Page 1002 - Week 03 - Thursday, 10 April 2014

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and her husband have loved the club regardless of the club name or playing strip. In this year’s season, you will see Pat on Tuesday to Thursday nights filling up the senior squad’s drink bottles and walking them out to the players with her trolley. Such is the respect for her that the players carefully place the drink bottles back into the trolley instead of throwing them onto the ground as most footballers do.

Pat’s husband, Darryl, passed away in 2010. As Pat spends so much time at her beloved football club, she has less time to garden, so earlier this week the players and club officials that love and respect Pat arrived at her house at 6 pm and helped the lady who always gives her all to the club.

I would like to acknowledge, firstly, Pat McLindin and her contribution to the club over many, many years. Secondly, I would like to acknowledge the players and officials who gave some of their time to help someone they respect in the community who could do with a bit of help at home. It is great to see these actions taking place in our community.

The Tuggeranong Hawks are a great community club with a family-oriented ethos, as you know, Mr Assistant Speaker Gentleman. The Pat yard blitz is just one example of their community spirit. I would like to wish all their teams every success for the coming season—including the women’s team, which will be trying to achieve back-to-back premierships this year.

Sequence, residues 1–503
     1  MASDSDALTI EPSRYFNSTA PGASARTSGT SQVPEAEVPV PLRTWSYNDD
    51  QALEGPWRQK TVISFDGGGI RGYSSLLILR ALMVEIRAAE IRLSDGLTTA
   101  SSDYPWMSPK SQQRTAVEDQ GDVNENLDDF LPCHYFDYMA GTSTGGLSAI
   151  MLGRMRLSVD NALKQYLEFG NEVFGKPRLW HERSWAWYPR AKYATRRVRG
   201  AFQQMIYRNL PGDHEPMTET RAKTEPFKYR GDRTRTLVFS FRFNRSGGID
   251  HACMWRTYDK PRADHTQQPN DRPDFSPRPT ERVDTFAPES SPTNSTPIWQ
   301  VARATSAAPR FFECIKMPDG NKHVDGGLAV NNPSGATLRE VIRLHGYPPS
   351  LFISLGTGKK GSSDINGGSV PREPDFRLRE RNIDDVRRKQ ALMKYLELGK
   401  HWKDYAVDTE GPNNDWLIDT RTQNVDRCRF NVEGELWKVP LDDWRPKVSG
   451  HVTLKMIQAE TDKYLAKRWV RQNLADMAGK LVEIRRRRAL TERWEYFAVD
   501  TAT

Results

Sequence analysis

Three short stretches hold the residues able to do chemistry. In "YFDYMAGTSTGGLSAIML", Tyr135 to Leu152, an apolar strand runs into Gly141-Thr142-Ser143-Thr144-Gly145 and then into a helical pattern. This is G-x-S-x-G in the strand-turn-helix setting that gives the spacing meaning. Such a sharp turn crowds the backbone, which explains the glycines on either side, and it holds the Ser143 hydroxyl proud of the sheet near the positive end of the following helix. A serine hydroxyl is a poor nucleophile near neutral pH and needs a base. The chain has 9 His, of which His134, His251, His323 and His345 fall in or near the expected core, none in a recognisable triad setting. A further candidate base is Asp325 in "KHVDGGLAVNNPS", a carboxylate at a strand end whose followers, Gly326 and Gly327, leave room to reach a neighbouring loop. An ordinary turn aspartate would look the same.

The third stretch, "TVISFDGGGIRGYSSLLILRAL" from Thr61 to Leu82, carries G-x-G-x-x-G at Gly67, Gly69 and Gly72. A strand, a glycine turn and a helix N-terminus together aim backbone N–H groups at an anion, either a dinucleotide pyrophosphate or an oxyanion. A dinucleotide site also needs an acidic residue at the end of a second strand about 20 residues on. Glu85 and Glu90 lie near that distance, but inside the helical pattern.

St Vincent de Paul Society

MR COE (Ginninderra) (4.49): I rise this afternoon to speak about the work of the St Vincent de Paul Society. St Vincent de Paul is a lay Catholic organisation whose vision is to be recognised as a caring Catholic charity offering a hand up to people in need. It does this by serving those in need with love, respect, justice, hope and joy, and by working to shape a more just and compassionate society.

The society in Canberra-Goulburn is governed by the territory council, which meets four times a year. The council is headed by the president, who appoints a CEO to manage staff and the business operations of the society.

The society undertakes many special works in the community. The most well known special work in the Canberra-Goulburn region is the Vinnies centres. There are 24 Vinnies centres in Canberra-Goulburn, with a gross income of over $6 million each year. Vinnies centres in Canberra-Goulburn are staffed by about 70 employees and over 900 volunteers.

The society also provides homelessness services through Samaritan House, the street to home program, the young parent program, the family services program, blue door, the night patrol, Kennedy House and St Anthony’s. The society provides mental health services through Samaritan Services and Compeer. The society also provides education services, through Clemente and Homeground.

As well as financial support received from governments, the society raises significant funds from fundraising activities, including the Christmas appeal and winter appeal,

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